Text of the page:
This eight-day stage took us across the whole sweep of the Luberon, the mountainous hinterland of Provence, west and north of the valley of the Durance.
Most of the first part of our walk was in the valley of the Calavon to the north, but we crossed the Grand Luberon at what certainly felt like its highest point (but wasn’t), and then crossed back through the break between the Grand and the Petit Luberons. Both valleys were gardens of Eden, with Plus Beaux Villages thick on the ground.
The walking was often strenuous and the weather hot, but we started early and there was invariably a village nearby with all the comforts of civilisation.
Getting to Gréoux-les-Bains
Because we had stopped at Gréoux-les-Bains on a previous walk, we wanted to start from there this time, for the sake of continuity, although it would have been much easier to start from Manosque. Manosque is connected to the rail system and is easily reached by train, in normal circumstances. There is a bus service from there to Gréoux-les-Bains.
Our trip from the Gare de Lyon in Paris, which we had booked in advance on the high-speed train, turned out to be one of the slowest and most interrupted journeys we had ever had in France. An accident on the line caused us to stand for an hour and a half in a meadow, so that when we reached Marseilles we had missed our connection to Manosque. In any case, the track was being repaired, and the rest of the trip would be by bus.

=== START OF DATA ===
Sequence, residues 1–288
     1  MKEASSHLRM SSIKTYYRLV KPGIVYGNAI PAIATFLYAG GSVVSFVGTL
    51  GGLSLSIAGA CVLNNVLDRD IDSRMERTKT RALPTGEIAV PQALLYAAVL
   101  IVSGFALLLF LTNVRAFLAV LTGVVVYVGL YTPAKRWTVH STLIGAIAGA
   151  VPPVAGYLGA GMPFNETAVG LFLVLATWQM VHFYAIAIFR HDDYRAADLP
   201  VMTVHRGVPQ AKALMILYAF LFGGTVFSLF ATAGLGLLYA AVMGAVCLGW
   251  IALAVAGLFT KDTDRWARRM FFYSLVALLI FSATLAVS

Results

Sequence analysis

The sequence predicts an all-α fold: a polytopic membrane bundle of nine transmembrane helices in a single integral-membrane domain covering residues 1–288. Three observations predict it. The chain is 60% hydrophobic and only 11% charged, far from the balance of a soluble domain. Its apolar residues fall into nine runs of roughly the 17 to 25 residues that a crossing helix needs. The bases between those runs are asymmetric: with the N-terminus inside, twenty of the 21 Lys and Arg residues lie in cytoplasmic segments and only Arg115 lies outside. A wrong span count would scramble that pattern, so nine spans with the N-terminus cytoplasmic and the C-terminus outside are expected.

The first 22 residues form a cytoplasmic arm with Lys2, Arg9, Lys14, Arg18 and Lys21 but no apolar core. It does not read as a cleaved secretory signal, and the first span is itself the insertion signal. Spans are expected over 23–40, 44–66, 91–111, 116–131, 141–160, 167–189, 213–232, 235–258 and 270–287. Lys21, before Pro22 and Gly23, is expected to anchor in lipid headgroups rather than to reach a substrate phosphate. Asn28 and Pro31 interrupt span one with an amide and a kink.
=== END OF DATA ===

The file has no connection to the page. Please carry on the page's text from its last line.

The bars in the station looked uninviting, but we somehow managed to have coffee at the neighbouring Ibis hotel bar, which was strictly for guests only. Then we caught two snail-like conveyances before we got to Manosque, at which point we discovered that the connecting bus to Gréoux-les-Bains did not run on Sundays – it was the school bus! We had not thought of that. However we had no difficulty getting a lift.
After only a few minutes with our thumb out, we were picked up by a plump tradesman in a van, who took us to one of the numerous camping grounds in Gréoux. He was mystified to hear that we intended to walk back to Manosque in the morning, but said with a forgiving grin that we were probably not mad, just Australian.
Immediately after we had ordered our dinner at the camping restaurant beside the river, Keith dramatically lost his appetite, probably because of the quiche he had eaten in Paris, and remained poorly all night. I wrapped his veal cutlet in a plastic bag for another time.
Day 1: Gréoux-les-Bains to Manosque
Rest Day: Manosque
Day 2: Manosque to Céreste
Day 3: Céreste to Rustrel
Day 4: Rustrel to Apt
Day 5: Apt to Lourmarin
Day 6: Lourmarin to Roussillon
Day 7: Roussillon to Gordes